7 Common Car Accident Injuries

Every year, more than 300,000 motor vehicle crashes occur in Illinois. Even worse, more than 67,000 people were injured in auto accidents in 2018. The Illinois Department of Transportation classifies injuries incapacitating (A-Injury), non-incapacitating (B-Injury), and possible injury (C-Injury). Some injuries occur more often than others. If you have been in a collision, there’s a good chance you suffered one or more of the following common car accident injuries.

#1.  Cuts and Bruises

The human body’s largest organ is simple – it’s your skin. So, it makes sense that a car accident might cause damage to your skin. Cuts and bruises, which may also be called lacerations or contusions, would be considered non-capacitating B-injuries. You may receive these common car accident injuries in low-impact collisions.

#2.  Broken Bones

During an accident, you may be tossed around in the car. Items in the vehicle could become airborne, causing broken bones and other injuries.

People with broken bones typically have to get more medical treatment than someone with cuts and bruises. Also, there is a real possibility that they may have to miss work. If so, they might make a claim for lost wages.

#3.  Head Injuries

This type of traumatic injury can be life-altering and life-threatening. Head injuries can range from cuts and bruises to skull fractures and concussions., or worse. Doctors may need to run diagnostic tests on this common car accident injury.

#4.  Soft Tissue Injuries

These injuries can be challenging to define. Victims may even have trouble getting people to believe they have an injury. That’s because soft tissue injuries involve muscles, tendons, and ligaments. Injuries may not be noticeable and many tests, like MRIs and CT-scans.

Your personal injury lawyer will help you understand how to deal with these kinds of common car accident injuries.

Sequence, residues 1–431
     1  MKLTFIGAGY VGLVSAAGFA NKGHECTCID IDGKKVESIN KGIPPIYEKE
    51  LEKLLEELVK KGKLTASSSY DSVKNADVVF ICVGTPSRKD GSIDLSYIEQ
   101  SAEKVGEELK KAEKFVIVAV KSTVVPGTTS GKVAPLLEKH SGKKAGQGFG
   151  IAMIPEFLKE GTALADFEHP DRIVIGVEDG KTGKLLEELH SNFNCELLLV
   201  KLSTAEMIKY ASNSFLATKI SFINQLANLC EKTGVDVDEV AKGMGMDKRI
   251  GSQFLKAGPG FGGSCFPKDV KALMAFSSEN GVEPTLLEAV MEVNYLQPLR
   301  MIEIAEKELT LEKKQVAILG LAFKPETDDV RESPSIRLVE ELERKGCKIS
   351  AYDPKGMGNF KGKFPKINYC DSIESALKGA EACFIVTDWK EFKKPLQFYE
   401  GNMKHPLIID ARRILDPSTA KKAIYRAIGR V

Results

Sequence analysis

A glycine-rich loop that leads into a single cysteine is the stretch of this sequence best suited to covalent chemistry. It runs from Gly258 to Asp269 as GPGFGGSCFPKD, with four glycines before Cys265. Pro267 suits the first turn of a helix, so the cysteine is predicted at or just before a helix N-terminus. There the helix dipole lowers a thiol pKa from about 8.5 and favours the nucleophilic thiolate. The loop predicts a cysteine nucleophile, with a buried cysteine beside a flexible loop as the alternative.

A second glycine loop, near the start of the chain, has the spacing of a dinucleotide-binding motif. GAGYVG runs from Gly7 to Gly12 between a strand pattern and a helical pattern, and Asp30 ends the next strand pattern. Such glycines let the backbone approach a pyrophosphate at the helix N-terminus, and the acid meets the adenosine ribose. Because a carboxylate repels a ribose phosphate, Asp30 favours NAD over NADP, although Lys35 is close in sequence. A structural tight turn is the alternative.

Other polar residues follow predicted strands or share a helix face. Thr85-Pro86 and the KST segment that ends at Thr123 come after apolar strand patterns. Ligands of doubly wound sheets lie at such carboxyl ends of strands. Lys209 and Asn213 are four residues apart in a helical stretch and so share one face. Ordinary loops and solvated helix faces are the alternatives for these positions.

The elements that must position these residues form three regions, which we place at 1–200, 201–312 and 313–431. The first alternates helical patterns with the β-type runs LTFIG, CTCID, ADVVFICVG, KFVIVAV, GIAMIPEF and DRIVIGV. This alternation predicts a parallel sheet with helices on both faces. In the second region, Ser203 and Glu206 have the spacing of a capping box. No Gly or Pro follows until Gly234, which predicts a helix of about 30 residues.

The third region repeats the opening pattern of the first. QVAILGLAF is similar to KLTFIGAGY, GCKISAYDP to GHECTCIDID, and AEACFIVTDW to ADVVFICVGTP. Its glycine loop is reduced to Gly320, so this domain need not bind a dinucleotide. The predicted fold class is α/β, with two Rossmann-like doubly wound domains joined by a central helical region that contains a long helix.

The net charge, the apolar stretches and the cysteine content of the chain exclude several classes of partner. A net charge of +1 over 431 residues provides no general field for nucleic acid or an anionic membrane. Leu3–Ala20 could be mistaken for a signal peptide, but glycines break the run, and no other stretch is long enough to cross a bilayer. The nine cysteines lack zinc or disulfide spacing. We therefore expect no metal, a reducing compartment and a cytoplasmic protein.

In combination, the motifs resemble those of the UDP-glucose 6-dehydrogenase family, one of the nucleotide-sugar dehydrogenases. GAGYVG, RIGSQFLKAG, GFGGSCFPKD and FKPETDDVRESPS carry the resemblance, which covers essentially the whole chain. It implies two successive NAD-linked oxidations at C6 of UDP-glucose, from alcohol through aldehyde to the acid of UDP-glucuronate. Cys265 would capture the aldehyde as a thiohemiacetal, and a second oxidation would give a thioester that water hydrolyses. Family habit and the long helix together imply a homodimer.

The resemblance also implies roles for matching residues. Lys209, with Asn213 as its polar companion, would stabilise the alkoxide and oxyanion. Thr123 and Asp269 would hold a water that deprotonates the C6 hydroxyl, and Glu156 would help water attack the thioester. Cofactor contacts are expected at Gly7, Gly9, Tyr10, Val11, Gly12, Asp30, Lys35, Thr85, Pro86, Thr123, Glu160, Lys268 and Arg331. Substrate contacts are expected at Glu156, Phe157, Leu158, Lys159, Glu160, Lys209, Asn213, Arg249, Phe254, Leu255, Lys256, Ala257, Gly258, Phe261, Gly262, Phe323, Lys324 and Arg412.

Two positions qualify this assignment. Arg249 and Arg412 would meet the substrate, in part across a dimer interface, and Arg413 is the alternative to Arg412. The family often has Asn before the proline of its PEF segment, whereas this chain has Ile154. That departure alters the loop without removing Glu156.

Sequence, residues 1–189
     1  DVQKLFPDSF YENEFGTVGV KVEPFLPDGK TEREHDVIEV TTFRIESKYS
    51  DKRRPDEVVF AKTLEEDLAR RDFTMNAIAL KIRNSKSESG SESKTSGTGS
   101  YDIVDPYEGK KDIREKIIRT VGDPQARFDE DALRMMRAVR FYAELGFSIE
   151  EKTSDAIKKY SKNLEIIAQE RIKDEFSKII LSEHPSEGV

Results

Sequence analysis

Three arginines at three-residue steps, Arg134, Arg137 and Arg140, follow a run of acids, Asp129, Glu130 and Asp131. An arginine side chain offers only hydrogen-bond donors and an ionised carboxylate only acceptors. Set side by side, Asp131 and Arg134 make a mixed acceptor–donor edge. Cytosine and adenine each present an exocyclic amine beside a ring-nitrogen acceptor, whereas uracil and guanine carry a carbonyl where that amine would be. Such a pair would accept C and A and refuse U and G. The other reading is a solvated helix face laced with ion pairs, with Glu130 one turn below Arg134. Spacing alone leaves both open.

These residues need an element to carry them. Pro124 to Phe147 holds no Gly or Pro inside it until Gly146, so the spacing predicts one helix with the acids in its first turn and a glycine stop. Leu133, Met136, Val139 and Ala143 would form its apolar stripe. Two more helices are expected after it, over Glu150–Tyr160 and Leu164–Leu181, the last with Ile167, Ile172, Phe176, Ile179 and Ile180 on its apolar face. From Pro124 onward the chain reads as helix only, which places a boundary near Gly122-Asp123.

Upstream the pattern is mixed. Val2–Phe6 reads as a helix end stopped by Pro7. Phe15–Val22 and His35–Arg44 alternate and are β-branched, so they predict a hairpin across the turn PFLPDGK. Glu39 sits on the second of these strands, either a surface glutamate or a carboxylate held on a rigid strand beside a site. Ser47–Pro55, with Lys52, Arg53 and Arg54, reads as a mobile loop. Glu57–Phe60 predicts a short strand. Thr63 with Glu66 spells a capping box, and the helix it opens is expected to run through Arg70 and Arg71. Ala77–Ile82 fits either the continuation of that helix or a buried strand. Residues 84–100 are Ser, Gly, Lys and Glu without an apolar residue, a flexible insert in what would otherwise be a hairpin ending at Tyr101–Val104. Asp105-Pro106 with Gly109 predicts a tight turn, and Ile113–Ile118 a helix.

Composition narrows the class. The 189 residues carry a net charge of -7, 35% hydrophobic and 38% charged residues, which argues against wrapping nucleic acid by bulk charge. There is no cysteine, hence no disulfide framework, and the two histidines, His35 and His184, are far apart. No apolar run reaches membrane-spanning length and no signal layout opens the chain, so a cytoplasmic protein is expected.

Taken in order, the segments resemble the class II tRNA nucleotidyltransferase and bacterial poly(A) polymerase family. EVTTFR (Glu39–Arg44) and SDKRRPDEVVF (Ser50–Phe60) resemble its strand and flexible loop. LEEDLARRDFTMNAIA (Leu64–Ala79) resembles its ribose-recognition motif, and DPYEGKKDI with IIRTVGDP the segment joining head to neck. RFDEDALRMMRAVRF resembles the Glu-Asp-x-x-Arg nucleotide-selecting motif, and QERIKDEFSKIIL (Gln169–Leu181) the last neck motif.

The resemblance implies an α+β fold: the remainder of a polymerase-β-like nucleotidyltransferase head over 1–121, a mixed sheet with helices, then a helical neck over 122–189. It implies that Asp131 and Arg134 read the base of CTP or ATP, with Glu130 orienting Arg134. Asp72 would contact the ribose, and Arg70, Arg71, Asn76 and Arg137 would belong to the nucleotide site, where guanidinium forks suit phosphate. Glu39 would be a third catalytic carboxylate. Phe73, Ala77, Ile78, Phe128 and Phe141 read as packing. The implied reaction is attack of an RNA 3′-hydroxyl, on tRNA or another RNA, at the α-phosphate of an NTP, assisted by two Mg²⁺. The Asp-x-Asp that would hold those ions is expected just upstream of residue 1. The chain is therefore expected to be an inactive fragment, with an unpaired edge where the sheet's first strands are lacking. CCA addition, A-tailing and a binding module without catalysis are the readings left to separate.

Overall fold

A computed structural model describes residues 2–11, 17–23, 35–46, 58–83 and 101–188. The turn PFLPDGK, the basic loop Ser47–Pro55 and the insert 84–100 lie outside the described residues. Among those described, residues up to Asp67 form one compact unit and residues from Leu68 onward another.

#5.  Internal Bleeding

Car accidents often happen so quickly you may not know exactly what has happened to you. The impact could cause serious internal injuries that do not show symptoms for hours or even days. That’s one reason it is so important to have a medical professional check you out after a car accident. Internal bleeding can seriously damage organs like your liver and kidneys. Without treatment, they can be fatal.

#6.  Spinal Injuries

Other common car accident injuries involve your spine. In fact, automobile accidents are a leading cause of spinal cord injury. The long-term effects include paralysis, pressure sores, bone fractures, and muscle atrophy. However, a serious spinal cord injury could cause complications with every part of your body.

If you have suffered a spinal injury caused by a car accident, you may need medical treatment for the rest of your life. Your personal injury attorney may be able to negotiate a settlement or get a jury verdict that provides compensation for that treatment.

#7.  Post-Traumatic Stress Disorders

Some common car accident injuries are hard to diagnose. People often suffer depression or anxiety, especially after a particularly serious crash.

Post-traumatic stress disorder (PTSD) often happens after any kind of distressing or painful experience. According to the National Institute of Mental Health (NIMH), about 39% of people who survive a car accident develop PTSD.

Signs of PTSD include:

  • Fear of getting into a car,
  • Fear of driving,
  • Sleeplessness, and
  • Thinking about the accident all the time.

Medication and therapy can help you overcome PTSD.

Are You Suffering from One of the Common Car Accident Injuries Mentioned Above?

Osvaldo Rodriguez has more than 20 years’ experience helping people like you. Schedule a free initial consultation or ask a question by calling us at 708-716-3441 or by completing the Contact form on our website.

Mr. Rodriguez is fluent in both Spanish and English.

We represent clients throughout the state of Illinois, including Chicago, Addison, Bellwood, Bensenville, Berwyn, Chicago, Cicero, Elmwood Park, Franklin Park, Maywood, Melrose Park, Northlake, and all of Cook County, Lake County, Kane County, Dupage County, and Will County.

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